When B cells break bad: development of pathogenic B cells in Sjogren's syndrome
Primary Sjogren's syndrome (pSS) is often considered a B cell-mediated disease, yet the precise role of B cells in the pathogenesis is not fully understood. This is exemplified by the failure of multiple clinical trials directed at B cell depletion or inhibition. To date, most prognostic markers for severe disease outcomes are autoantibodies, but the underlying mechanisms by which B cells drive diverse disease presentations in pSS likely extend beyond autoantibody production. Here we outline an expanded role of B cells in disease pathogenesis drawing on examples from animal models of SS, and from other autoimmune diseases that share similar clinical or immunological abnormalities. We focus on recent findings from the detailed analysis of pathogenic B cells in patients with pSS to propose strategies for patient stratification to improve clinical trial outcomes. We conclude that an integrated cellular, molecular and genetic analysis of patients with pSS will reveal the underlying pathogenic mechanisms and guide precision medicine.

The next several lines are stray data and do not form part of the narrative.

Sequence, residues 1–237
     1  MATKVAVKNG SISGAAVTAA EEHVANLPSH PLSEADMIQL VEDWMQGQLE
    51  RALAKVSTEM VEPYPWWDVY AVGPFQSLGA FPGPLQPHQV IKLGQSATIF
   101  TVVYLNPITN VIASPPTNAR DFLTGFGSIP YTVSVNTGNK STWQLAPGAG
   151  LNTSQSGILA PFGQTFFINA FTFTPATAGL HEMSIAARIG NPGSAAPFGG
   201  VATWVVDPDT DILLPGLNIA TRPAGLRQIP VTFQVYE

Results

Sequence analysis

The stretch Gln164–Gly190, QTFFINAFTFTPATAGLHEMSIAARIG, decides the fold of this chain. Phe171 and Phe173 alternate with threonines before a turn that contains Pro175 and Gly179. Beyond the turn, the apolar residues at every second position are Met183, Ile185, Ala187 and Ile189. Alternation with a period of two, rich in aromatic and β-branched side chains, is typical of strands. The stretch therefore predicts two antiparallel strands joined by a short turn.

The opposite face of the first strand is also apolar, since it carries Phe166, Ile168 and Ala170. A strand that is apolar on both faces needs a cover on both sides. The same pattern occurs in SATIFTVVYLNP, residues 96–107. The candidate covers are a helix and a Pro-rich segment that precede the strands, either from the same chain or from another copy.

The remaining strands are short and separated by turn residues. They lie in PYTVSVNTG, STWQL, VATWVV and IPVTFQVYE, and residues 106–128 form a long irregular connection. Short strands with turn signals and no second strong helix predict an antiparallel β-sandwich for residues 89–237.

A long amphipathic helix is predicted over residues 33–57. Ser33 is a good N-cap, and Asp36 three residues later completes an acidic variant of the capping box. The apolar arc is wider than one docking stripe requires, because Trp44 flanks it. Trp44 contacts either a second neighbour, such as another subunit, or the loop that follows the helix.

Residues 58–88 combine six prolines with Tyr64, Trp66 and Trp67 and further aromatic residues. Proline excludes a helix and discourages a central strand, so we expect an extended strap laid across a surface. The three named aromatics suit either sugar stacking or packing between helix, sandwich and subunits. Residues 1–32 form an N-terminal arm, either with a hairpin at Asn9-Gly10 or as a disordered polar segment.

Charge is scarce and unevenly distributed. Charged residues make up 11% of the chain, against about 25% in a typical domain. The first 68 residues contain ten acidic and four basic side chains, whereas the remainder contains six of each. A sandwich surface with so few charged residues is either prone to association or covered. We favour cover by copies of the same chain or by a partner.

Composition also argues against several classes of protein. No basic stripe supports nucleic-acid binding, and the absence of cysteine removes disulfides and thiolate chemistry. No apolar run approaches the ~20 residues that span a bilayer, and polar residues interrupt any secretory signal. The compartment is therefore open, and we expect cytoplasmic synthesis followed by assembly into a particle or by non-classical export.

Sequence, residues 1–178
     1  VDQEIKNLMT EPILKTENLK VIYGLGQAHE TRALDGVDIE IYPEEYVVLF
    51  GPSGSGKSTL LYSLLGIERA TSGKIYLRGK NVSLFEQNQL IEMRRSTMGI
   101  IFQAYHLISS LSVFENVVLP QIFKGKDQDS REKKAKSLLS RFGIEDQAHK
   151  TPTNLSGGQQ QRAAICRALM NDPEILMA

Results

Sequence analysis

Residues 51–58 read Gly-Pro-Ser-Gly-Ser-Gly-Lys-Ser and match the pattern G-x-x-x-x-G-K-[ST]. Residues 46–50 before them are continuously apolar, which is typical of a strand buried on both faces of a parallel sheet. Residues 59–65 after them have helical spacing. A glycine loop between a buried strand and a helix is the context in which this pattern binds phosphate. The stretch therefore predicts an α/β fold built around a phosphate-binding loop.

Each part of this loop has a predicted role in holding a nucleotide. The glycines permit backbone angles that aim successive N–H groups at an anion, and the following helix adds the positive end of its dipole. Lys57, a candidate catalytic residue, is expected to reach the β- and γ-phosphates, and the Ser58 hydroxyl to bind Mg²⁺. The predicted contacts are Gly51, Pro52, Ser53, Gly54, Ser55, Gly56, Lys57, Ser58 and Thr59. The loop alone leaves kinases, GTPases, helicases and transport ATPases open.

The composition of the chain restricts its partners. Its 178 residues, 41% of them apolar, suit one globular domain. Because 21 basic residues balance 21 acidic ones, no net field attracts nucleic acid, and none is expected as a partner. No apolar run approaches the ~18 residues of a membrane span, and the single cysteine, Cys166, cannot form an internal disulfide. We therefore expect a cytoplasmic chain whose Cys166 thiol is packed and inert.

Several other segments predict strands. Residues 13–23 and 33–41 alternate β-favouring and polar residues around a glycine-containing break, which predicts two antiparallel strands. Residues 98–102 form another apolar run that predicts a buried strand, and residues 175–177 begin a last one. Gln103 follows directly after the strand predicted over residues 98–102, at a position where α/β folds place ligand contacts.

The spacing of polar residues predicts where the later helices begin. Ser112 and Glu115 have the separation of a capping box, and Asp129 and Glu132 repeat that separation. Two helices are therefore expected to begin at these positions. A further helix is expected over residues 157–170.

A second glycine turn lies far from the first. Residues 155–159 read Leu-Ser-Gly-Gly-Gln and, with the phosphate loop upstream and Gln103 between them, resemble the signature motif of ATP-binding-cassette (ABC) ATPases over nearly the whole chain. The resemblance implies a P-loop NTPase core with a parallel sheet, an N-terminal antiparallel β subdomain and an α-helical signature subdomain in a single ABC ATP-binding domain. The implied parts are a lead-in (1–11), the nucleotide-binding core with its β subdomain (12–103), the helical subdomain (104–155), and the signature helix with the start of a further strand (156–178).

|ISBN||0392-856X (Print) 0392-856X (Linking)|
|Authors||Reed, J. H.; Verstappen, G. M.; Rischmueller, M.; Bryant, V. L.|
|Responsible Garvan Author|
|Publisher Name||CLINICAL AND EXPERIMENTAL RHEUMATOLOGY|
|Published Volume||38 Suppl 126|
|URL link to publisher's version||https://www.ncbi.nlm.nih.gov/pubmed/33025890|